Hi everyone, how’s life treating you? Today, I’m very happy to report wine-lovers that the wine could prevent a decline in cognitive activity as wine Is full of Healthy Polyphenol.
Elderly people who drink wine likely have higher cognitive abilities than those who do not, but the same cannot be said about imbibers of other alcoholic beverages, according to a study.
The study, by a group of researchers led by Mai Kabayama, an assistant professor of community health nursing with Osaka University, was conducted in 2016 and 2017 on 1,217 residents aged around 76 or 86 in Tokyo and Hyogo Prefecture.
The researchers studied the residents’ drinking habits and other traits and evaluated their cognitive functions through memory and attention tests.
The 67 subjects who were wine drinkers had significantly higher cognitive abilities than the remaining 1,150 who did not drink wine, according to the study.
There was, however, no significant difference in the cognitive abilities between drinkers and nondrinkers of six other varieties of alcoholic drinks, including beer and sake.
An earlier scientific report said that drinking wine effectively prevents a decline in cognitive functions, citing the antioxidant effects of certain ingredients, including polyphenols, which are contained in red wine.
Polyphenols play a big part in wine’s claim to health-benefit fame. But we don’t know or actually we can’t explain why wine’s polyphenols are good for us?
Or even what a polyphenol is? For those without degrees in organic chemistry, understanding these compounds can seem daunting.
Let’s break it down.
What is a polyphenol?
Let’s start with an even more common term in the wine-health lexicon: antioxidants, molecules that protect against the harmful effects of oxidation.
Not to be confused with the flaws caused by wine oxidation (which is harmless to our health), oxidation in the human body is the breakdown of oxygen molecules caused by everyday occurrences.
They are such as exercise, metabolizing food and environmental factors such as exposure to air pollutants. Those chemical reactions generate free radicals, which can lead to aging, inflammatory diseases and even cancer.
Wine’s polyphenols come from grapes, mainly from the skins, and because the red-winemaking process involves more extended contact with the grape skins, those wines tend to contain a lot more polyphenols than white wines do.
As a whole, red wine’s polyphenol content has been praised by wellness-conscious drinkers, but there are also specific polyphenols in red wine that have been studied individually for their potential health benefits.
One of the most widely studied polyphenols in wine, resveratrol.
What’s Resveratrol, then?
Resveratrol is naturally produced in plants in response to physical harm, or invasion by pathogens. Also found in high quantities in peanuts, blueberries and cacao.
Resveratrol is extracted from plant sources to create cosmetic products and dietary supplements.
In lab studies, scientists have found that resveratrol offers protective effects against many human health risks.
Two of its chief benefits are its potential to fight different cancers, by inhibiting cancerous cell growth, and its potential to fight cardiovascular disease, by preventing blood-vessel damage, lowering bad cholesterol and raising good cholesterol.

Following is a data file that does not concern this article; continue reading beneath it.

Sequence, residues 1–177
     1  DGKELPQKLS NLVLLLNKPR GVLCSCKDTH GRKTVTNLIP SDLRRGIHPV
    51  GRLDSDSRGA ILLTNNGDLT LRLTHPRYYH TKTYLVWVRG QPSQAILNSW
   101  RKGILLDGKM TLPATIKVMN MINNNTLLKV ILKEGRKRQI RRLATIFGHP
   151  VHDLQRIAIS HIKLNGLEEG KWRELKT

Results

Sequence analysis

Researchers have also found evidence that resveratrol may help battle neurodegenerative diseases such as Alzheimer’s, by helping to slow the disease’s progression and clearing out harmful plaque buildup in the brain.
It may also stave off type 2 diabetes, by helping regulate insulin.
Resveratrol’s anti-inflammatory properties have also made it a point of study for health issues related to inflammation, such as lung disease and mental health disorders.
However, the amount of resveratrol used to test this polyphenol’s healthy properties isn’t always the amount that is found in an average serving of red wine.
While some studies have shown that quantities of resveratrol found in just one or a few glasses of wine can confer some health benefits, many others have shown that the amounts of resveratrol used to produce other health benefits could require a person to drink as many as hundreds of glasses per day.
Of course, heavy drinking (let alone the impossible task of drinking 100 glasses of wine in one day) is associated with negative health benefits, so consuming lots of wine just to get reap its resveratrol-related benefits is inadvisable.
For now, many scientists remain skeptical that humans could benefit from resveratrol just from moderately drinking wine; others believe that a glass of wine’s resveratrol content still might lend a health boost.
“It is conceivable that lovers of wine have a stronger interest in health and well-being, which may have affected our results,” said Yuya Akaki, one of Kabayama’s co-researchers, who attends the Osaka University graduate school.
“Further studies are necessary because we have yet to establish that wine can effectively prevent dementia.
Excessive drinking has negative effects on cognitive abilities, so moderation is recommended.”
Scientists around the world have been studying the correlation between drinking and cognitive functions, but few have studied possible links with different varieties of alcoholic beverages or elderly subjects, the researchers said.
When all varieties of alcoholic drinks were taken together, a correlation study showed that those who drank alcohol less than one day a week and those who drank between one and six days a week both had significantly higher cognitive abilities than those who did not drink at all.
We encourage everyone to drink an ‘appropriate amount’ of alcohol. It has said.
Finally, we have wine-related two articles, one is “Natto” that goes well with red wine, to be well worth browsing.
Another is “Excessive alcohol use linked to early-onset dementia risk“, thanks